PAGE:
Millions locked out as Kenya TV goes digital
By James Ratemo, Nairobi, Kenya
As the world witnessed the switch from analogue to digital broadcasting on Wednesday midnight, over 1.3 million Kenyan households remained in blackout.
This is because they are yet to acquire set-top boxes, gadgets which convert digital television signals to analogue.
According to Communications Authority of Kenya (CA) only 2.2 million out of the 3.5 million Kenyan households with TV sets own the decoders.
The Regional Radio Communication Conference held in Geneva in 2006 set midnight June 17, 2015 as deadline for migration to digital TV.
Mr Wangusi said there has been poor distribution of the set-top boxes across the country, especially in remote rural areas.
He claimed Kenya has an over 3.2 million set-top boxes imported by 79 licensed vendors and viewers should be able to switch.
Critics, including Kenya’s Media Owners and the Consumer Federation of Kenya, (Cofek) dismissed said there is shortage of the gadgets and the cost is still prohibitive.
On average free-to-air set-top boxes in Kenya cost between sh3,000 to sh6500 meaning many Kenyans without financial muscle could not afford. On the other hand, Pay TV providers are selling multi-channel decoders for between Sh1,999 and Sh2,500 besides a monthly subscription of between Sh499 and Sh8,200.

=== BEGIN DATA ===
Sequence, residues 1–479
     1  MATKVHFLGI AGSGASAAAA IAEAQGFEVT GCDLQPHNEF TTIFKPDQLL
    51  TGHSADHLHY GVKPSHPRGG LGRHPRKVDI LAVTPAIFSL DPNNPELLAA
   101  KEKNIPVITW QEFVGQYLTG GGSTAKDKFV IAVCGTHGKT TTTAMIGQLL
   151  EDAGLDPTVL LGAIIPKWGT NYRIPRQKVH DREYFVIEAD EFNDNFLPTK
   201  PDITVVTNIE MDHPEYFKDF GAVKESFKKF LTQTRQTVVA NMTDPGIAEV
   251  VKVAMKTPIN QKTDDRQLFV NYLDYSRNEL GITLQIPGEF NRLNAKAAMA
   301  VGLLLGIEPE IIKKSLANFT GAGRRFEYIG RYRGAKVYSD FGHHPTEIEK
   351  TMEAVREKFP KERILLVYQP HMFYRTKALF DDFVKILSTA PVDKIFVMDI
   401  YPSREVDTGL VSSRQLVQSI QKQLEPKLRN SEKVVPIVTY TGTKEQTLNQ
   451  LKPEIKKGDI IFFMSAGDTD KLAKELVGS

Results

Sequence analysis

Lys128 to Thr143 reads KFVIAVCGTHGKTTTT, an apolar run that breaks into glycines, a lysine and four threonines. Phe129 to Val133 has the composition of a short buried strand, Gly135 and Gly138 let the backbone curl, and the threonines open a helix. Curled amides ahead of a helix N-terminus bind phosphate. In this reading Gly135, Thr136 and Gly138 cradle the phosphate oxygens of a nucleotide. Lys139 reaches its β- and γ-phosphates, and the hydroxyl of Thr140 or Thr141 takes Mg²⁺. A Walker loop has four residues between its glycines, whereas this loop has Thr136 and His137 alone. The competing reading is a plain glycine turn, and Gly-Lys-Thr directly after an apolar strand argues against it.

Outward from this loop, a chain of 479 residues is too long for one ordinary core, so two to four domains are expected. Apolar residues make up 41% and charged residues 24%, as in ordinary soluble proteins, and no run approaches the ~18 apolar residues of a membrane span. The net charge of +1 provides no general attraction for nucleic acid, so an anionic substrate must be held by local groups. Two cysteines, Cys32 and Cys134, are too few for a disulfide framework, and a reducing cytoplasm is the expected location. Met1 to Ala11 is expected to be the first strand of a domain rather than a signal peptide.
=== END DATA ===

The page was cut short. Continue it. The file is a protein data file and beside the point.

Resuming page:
According to Cofek, pay-TV subscriptions are not sustainable for the many low-income earners and the Government needs to step in to subsidize the cost for many households to acquire the gadgets.
Mr Mutoro said close to one million households that own the set-top boxes are no longer using them because they rushed to buy subsidised decoders from pay television service providers yet they cannot sustain paying the monthly subscriptions.
Kenya had intended to switch off in December 2012 but a series of court cases shattered that dream.
The critics of government argued that the country was not ready for the migration and sought more time to allow uptake of decoders.
In June 2012, the government even lifted import duties on set-top boxes with the aim of bringing down prices but this yielded little impact on their uptake.
The Communications Authority of Kenya eventually began switching off analogue signals beginning with Nairobi in February. The final analogue switch-off was done on March 31.
With the global deadline on Wednesday, locked out Kenyans must now figure how to remain on air by purchasing either pay-tv or free-to-air decoders.